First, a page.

You hear it all the time, lots of talk about medical billing and coding and you may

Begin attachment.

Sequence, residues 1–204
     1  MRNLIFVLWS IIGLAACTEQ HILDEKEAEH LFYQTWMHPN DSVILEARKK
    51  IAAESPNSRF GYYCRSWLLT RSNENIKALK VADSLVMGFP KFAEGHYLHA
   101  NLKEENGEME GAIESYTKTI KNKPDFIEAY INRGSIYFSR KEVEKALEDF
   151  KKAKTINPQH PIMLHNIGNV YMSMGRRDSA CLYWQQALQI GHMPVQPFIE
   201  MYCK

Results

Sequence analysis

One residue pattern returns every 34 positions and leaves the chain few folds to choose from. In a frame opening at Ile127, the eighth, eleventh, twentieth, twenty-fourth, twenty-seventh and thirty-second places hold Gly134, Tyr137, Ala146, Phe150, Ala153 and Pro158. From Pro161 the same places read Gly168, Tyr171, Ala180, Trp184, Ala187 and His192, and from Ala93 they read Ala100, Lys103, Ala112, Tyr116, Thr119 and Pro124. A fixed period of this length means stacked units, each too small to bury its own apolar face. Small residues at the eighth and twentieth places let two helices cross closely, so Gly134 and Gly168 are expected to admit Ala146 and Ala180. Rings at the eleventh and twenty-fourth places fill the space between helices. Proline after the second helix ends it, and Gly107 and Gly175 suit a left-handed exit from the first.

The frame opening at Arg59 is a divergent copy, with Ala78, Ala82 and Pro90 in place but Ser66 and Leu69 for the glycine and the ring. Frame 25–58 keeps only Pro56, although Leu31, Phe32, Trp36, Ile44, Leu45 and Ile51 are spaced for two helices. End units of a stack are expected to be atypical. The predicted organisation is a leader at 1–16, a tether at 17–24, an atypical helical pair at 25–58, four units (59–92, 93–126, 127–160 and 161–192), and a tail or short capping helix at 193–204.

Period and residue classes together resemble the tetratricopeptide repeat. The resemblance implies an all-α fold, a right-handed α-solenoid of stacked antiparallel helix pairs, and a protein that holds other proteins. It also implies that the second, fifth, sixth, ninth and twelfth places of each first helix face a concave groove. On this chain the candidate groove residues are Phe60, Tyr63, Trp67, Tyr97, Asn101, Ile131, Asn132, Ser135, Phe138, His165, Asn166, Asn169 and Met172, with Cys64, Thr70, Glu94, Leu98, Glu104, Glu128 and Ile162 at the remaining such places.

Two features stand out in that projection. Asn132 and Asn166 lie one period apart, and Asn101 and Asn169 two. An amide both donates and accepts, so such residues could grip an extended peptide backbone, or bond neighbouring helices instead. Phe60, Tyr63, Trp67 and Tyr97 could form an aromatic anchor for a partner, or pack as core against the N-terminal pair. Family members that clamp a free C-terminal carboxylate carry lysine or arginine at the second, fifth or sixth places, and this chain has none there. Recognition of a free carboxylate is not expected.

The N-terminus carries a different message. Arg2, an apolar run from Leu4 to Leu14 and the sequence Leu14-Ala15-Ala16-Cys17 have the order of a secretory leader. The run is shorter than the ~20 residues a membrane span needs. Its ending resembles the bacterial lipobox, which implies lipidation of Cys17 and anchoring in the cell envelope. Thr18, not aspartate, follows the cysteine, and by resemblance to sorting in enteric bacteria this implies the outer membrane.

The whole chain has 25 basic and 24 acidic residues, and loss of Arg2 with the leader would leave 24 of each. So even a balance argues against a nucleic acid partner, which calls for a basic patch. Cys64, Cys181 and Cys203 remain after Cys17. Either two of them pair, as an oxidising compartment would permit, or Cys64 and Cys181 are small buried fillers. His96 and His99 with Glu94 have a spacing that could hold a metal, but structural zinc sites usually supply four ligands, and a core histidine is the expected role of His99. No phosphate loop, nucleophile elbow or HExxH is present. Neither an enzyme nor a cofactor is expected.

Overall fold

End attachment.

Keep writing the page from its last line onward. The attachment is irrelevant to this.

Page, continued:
wonder; do Doctors carry come sort of decoder ring or tap Morse code to the nurses to get the right meds? Ok, that might make for a good episode of “Scrubs” but no, no such luck. The reality of medical coding is much more complex and yet it provides a universal system to simplify health care. The Basics Up until the 20th century there was no global method of classifying diseases. But by 1949 The World Health Organization (WHO) established The Manual of the International Classification of Diseases, Injuries and Causes of Death (ICD). The ICD then became the universally accepted method of distinguishing all manners of injuries and diseases. Medical codes are now used in every aspect of health care, from a simple doctor’s visit to brain surgery. Every disease, every condition and procedure is assigned a specific numeric code. These codes are used by medical professionals worldwide to communicate with each other and with insurance providers. These codes have unified the practice of medicine internationally and established a standard for billing and payment from private and government programs. While utilizing a common coding system has helped to prevent miscommunications between institutions involved in all levels of the health care process; it is yet an imperfect system which can, in some cases, cause billing and coverage problems for patients.